Lao Ra

Before she added a couple of letters, Lao Ra’s explosive anthem Bang Boom started life as a song about bamboo. “It’s my war cry,” reports the Colombian, London-based singer-songwriter. “Bamboo might not look powerful, but it’s stronger than steel — it might bend, but it won’t break.”


The other thing about bamboo is that once it has taken root it’s pretty much unstoppable. After signing to Black Butter in 2016, Lao Ra’s summer release Drum Machine hit Spotify’s viral charts and quickly sailed past 4 million streams, and Lao Ra’s already been described by Wonderland as Colombia’s freshest export. Elsewhere her debut EP Jesus Made Me Bad prompted i-D to praise her music as “gloriously unadulterated, uplifting pop”, while DIY have advised readers to “set a date in your diary for when Lao Ra takes over the world”, and further co-signs have cascaded in from The Fader, Nylon and Noisey.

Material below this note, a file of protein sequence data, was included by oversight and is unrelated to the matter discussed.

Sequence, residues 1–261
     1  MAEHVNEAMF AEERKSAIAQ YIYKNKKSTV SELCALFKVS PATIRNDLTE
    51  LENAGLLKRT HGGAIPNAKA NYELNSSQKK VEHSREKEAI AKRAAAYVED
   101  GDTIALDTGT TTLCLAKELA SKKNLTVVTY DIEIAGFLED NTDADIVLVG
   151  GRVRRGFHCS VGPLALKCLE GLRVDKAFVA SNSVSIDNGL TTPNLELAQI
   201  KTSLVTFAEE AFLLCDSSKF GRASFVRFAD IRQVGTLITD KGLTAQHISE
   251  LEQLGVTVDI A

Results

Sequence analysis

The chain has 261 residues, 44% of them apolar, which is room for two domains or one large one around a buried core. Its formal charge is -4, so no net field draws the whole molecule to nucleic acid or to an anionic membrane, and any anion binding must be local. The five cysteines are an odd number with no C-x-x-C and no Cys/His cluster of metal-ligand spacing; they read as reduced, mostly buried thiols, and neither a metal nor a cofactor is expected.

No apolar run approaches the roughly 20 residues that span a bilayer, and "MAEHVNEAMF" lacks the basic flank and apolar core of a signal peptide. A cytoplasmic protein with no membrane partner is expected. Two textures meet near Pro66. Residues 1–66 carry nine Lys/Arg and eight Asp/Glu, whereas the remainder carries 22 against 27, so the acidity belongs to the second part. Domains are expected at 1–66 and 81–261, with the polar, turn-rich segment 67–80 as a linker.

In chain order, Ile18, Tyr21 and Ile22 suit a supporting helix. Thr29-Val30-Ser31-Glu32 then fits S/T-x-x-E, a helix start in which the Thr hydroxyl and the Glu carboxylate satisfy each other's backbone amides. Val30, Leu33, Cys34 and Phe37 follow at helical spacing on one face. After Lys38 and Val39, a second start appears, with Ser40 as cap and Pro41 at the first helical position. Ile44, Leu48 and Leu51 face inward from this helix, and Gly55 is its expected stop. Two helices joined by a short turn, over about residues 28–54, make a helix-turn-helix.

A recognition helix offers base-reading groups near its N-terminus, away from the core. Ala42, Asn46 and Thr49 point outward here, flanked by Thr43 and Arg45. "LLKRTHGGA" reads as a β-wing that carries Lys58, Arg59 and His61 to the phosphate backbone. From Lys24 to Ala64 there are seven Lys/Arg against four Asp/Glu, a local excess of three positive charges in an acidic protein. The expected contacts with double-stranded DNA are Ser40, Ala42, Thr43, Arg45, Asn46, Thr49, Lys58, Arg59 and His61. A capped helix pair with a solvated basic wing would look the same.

Lao Ra uses the phrase “girl power in the jungle” to explain the multisensory collage that takes in Colombia’s tropical climate and expressive fabric prints as well as imagery of jaguars, sharks and assorted other untameable wild animals, along with carnivalesque beats, vibrant lyrical storytelling and nods to the strong female artists who’ve inspired her journey so far, from Debbie Harry and Madonna to MIA and Gwen Stefani.


If you’ve experienced the passionate energy of one of Lao Ra’s live shows you won’t be remotely surprised to hear that on her first day at school in inner-city Bogota she ate a worm in front of her own class to exert her fearlessness, or that later that year she went on a protest because the school didn’t have a girls’ football team. “When I was little I started peeing like a boy because I was told my brother could and I couldn’t,” she laughs. “Repression isn’t for me. When I’m confronted with a situation I always ask one of two questions: ‘Why?’, or ‘Why not?'”

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